bean (FB) residues planted at three dates of planting (DOP) and supplement N application rate to sweet 528
corn. 529
Ear # (ha
Ear wt. (Mg ha
Unfilled ear tip (%)
2014 2015 2014 2015 2014 2015
Aug01 51793 55380 11.94 13.53 11.1 5.8
Aug07 49800 52591 10.34 12.73 16.4 7.2
Aug14 45760 51630 9.85 11.14 17.4 8.5
No FB 38547 48607 9.15 10.43 18.3 9.2
Trend L* L* Q* L* Q* L*
Supp. N
(kg ha
0 37050 45816
6.37 9.95 17.1 10.0
25 49005 54582 11.14 12.73 16.4 8.2
50 52629 57568 11.65 14.32 14.3 6.6
75 52721 57680 11.66 14.33 14.2 6.1
100 53754 58621 11.78 14.43 13.9 5.6
Trend Q* Q* Q* Q* L* L*
*, ** significantly at P= 0.05 and P=0.01, respectively, ns= not significant 530
L and Q = linear and quadratic, respectively. 531
Page 17 of 22 Agron. J. Accepted Paper, posted 01/08/2018. doi:10.2134/agronj2017.08.0501
Fig.1. Nitrogen release trend from decomposing faba bean residues in conventional 533
tillage (CT) and no-till (NT) systems and sweet corn growth pattern. Means are 534
averaged over two growing seasons. 535
Fig. 2. Effect of tillage system on sweet corn ear yield (a) and unfilled ear tip percentage (b). 537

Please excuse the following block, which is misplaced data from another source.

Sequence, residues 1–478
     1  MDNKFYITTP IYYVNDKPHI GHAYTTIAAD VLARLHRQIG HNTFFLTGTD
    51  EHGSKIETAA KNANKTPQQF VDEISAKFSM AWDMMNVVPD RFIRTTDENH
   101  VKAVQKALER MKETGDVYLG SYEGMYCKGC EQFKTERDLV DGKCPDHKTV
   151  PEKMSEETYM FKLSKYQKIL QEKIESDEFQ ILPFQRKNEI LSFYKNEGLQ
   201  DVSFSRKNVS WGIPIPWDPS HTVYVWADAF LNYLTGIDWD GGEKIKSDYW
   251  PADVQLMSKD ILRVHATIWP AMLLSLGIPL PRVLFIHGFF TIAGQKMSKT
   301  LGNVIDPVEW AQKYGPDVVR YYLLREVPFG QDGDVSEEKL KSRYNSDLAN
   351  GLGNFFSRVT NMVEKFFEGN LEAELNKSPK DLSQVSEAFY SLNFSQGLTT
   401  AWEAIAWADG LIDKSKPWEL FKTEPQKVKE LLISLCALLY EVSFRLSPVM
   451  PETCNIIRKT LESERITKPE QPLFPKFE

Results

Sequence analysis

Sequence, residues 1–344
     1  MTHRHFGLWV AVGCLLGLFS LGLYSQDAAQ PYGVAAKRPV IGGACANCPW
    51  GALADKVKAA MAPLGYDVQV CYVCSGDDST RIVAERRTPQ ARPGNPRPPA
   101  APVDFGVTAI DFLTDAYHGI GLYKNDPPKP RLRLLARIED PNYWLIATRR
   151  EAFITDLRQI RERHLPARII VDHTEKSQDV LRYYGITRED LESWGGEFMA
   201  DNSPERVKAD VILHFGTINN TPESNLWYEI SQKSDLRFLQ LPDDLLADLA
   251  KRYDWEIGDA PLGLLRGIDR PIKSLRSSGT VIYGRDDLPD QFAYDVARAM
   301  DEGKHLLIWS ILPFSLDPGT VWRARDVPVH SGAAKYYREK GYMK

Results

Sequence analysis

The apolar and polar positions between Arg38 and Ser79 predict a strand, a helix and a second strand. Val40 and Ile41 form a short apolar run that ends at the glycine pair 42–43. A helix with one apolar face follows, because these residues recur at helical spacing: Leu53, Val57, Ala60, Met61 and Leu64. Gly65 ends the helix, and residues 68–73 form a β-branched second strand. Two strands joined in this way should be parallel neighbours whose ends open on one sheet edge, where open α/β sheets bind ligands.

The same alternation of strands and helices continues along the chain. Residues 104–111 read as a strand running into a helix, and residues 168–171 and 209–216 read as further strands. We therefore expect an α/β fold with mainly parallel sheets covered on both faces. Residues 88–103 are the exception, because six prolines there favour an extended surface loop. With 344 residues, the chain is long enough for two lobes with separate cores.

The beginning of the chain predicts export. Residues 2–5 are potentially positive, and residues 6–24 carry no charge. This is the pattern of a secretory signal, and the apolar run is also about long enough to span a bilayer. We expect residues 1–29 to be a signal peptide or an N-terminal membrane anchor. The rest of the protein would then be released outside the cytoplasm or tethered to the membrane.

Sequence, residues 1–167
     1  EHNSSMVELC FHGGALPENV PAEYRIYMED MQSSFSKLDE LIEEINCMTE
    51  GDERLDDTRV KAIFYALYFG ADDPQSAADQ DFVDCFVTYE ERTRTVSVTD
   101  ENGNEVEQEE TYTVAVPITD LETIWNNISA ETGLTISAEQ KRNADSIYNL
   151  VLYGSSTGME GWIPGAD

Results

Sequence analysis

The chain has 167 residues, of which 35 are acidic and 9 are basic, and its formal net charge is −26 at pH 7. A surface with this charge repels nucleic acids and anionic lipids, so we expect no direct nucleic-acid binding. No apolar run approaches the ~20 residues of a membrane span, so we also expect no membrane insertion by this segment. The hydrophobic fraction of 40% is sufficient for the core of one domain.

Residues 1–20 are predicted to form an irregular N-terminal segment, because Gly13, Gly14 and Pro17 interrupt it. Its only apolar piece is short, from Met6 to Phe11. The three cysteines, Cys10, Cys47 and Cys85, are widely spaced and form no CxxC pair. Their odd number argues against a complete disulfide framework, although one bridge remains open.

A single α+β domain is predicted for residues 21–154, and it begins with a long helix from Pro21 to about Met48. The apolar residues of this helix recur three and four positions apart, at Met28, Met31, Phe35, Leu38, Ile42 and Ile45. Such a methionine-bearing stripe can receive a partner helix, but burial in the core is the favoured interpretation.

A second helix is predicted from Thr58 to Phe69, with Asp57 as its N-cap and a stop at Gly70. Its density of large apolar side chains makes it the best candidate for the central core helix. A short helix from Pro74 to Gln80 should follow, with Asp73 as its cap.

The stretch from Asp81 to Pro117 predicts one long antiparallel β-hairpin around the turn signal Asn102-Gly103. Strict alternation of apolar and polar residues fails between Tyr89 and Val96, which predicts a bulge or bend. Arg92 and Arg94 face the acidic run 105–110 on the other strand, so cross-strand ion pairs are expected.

Means are averaged over three faba bean dates of planting and two growing seasons. 538
Fig.3. Sweet corn ear yield influenced by presence or absence of 540
faba bean residues and supplement N fertilizer rates in 2014 and 2015. 541
Values are averaged over two tillage systems. 542
Fig .4. Interactive effect of tillage system and faba bean residues 544
on sweet corn ear yield. Values are averaged over 2014 and 2015. 545
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0246810 12 14 16
Sweet corn biomass (g plant -1)
%N remaining in faba bean residues
Sweet corn biomass in NT
Sweet corn biomass in CT
Apr 01
Apr 15
Apr 30
May 15
May 30
Jun 15
Jun 30
Jul 15
Jul 30
Aug 15
Page 19 of 22 Agron. J. Accepted Paper, posted 01/08/2018. doi:10.2134/agronj2017.08.0501
Sweet corn ear yield (Mg ha-1)
Unfilled ear tip (%)
Tillage system
Page 20 of 22
Agron. J. Accepted Paper, posted 01/08/2018. doi:10.2134/agronj2017.08.0501
y = -0.001x2 + 0.1686x + 4.4171
R² = 0.9885
y = -0.001x2 + 0.1463x + 6.6257
R² = 0.9717
020 40 60 80 100 120
Without FB
With FB
N Fertilizer (Kg ha-1)
Sweet corn ear yield (Mg ha-1)
y = -0.0008x2 + 0.1511x + 6.8714
R² = 0.9933
y = -0.0008x2 + 0.1224x + 10
R² = 0.9845
020 40 60 80 100 120
without FB
with FB
Sweet corn ear yield (Mg ha
N Fertilizer (Kg ha-1)
Page 21 of 22 Agron. J. Accepted Paper, posted 01/08/2018. doi:10.2134/agronj2017.08.0501
0 0.5 1 1.5 2 2.5
with FB
without FB
Sweet coen ear yield (Mg ha -1)
Tillage system
Till No-Till
Page 22 of 22
Agron. J. Accepted Paper, posted 01/08/2018. doi:10.2134/agronj2017.08.0501
... Depending on species and time of planting, cover crops can provide a variety of agroecological benefits, including enhanced biodiversity, protecting the soil from erosion, and improving soil structure [1,2]. Agronomically, cover crops increase N availability, nutrient cycling, and overall productivity [3,4]. ...